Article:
On the matter of the administrative restoration, it is mentioned above that the Law has reserved for the RoC the power to determine the exact format and type of the application the RoC requires to be submitted to this end. The RoC is currently in the process of finalising the exact format of the application to be completed and filed to the RoC to request the administrative restoration of a Cyprus company. Even though it is encouraging that steps have been taken by the RoC to implement this option, it is evident that there is still some fine-tuning left to be made in order for administrative restoration to be practically fully implemented.
Turning now to the option of petitioning the Court to restore a Cyprus company, one may argue that the basis on which a person may apply to the Court in this respect is quite extensive. This is due to the fact that the grounds on which such an application may be based are not specified in the Law further than what is mentioned above nor is any definition included in the Law to provide some clarity, especially regarding the circumstances which may evidence the feelings of “aggrievance” or “harm” of the applicant.
Normally, in such cases of ambivalence one turns for clarity to UK laws and case precedents since Cyprus laws were (and, up to a point, still are) infused with similar common law notions and rules. The UK Companies Act 1985 also provides to interested persons the option to petition the Court to restore a UK company that has been struck-off. However, the UK Companies Act provides specific categories of persons that may petition to restore a company and also determines the legal grounds on which such persons may pursue this route. As an example, the UK Companies Act 1985 provides that persons with a potential legal claim against the company or those who would have been with a contractual relationship with the company bar the company’s dissolution, have the right to apply to the Court.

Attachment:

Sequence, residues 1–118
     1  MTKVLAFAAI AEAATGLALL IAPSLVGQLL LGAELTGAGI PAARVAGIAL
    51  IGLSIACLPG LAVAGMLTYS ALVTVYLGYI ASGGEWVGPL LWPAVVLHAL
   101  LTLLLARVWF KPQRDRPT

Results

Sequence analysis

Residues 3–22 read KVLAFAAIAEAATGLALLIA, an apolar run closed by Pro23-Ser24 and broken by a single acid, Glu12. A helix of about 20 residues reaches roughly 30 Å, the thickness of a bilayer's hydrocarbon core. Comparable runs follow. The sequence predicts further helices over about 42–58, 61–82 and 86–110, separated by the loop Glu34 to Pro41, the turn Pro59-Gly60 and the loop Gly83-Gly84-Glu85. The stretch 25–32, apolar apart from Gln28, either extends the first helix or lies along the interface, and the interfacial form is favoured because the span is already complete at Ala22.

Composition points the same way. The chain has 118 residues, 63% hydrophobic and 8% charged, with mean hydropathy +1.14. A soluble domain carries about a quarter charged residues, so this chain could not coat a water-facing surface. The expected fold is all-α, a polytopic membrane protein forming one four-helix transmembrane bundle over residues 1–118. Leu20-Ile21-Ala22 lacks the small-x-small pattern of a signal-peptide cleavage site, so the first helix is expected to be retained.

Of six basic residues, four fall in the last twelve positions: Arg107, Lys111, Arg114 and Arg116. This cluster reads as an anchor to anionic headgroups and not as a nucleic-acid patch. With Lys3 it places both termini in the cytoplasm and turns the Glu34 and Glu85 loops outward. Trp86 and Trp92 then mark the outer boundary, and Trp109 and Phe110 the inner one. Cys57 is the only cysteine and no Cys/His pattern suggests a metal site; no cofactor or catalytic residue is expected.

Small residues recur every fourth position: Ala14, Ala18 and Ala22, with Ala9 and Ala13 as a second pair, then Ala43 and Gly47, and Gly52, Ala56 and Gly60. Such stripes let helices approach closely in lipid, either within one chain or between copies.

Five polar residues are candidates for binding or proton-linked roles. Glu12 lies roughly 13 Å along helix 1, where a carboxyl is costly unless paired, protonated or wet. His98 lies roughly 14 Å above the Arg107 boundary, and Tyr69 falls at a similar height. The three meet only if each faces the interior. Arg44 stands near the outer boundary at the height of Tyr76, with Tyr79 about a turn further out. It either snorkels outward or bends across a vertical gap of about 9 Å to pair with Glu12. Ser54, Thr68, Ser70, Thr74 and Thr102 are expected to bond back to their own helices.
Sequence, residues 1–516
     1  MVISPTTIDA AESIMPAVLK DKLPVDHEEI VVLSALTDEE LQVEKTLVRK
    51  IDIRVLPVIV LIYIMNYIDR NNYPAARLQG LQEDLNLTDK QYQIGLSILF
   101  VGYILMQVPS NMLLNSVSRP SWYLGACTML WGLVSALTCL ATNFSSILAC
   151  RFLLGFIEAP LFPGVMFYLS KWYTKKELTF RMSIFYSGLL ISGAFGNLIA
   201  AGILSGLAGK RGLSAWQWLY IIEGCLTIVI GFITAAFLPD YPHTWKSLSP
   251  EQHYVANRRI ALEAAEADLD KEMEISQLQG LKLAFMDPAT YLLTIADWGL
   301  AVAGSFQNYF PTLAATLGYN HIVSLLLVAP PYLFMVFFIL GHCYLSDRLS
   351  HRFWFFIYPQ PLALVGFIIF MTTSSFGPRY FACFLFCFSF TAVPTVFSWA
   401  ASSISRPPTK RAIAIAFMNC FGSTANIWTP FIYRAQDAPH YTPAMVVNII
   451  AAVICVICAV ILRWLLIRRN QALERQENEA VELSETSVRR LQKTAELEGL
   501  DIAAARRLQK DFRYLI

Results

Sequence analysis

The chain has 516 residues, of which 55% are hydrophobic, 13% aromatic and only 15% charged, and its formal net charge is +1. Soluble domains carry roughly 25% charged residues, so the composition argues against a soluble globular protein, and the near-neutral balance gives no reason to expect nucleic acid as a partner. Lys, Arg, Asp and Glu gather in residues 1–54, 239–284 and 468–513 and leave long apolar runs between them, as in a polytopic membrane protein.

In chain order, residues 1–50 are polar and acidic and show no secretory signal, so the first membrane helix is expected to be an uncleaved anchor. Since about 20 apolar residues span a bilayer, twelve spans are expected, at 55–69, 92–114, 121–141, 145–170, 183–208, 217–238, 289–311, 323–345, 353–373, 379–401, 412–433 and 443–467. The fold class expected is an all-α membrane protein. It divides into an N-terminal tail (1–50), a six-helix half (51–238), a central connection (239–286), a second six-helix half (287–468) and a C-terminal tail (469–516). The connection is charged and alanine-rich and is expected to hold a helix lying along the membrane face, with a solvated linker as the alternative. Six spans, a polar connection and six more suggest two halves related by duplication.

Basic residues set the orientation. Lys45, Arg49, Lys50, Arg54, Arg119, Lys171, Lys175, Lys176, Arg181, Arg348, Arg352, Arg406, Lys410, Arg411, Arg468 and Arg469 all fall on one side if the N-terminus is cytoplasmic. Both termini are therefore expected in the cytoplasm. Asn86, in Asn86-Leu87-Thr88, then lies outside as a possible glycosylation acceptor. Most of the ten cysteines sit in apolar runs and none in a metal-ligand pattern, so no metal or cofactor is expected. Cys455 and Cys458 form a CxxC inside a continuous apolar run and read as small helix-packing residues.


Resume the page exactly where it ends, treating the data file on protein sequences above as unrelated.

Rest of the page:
Considering that such distinctions are not included in Cyprus Law, one may rely for guidance to the specifications included in the UK Companies Act however, ultimately, it is upon the Cyprus Court to decide whether such an application will succeed in obtaining a Court order. What will be the crucial factor in such cases will be the evidence that shall be presented by the applicant to the Court to support the application and right of the applicant to request the restoration of the Cyprus company. As a minimum, such evidence should be adequate, sufficient and provide clarity regarding the grounds on which the applicant is basing his/ her petition on, in order to be at least considered by the Court.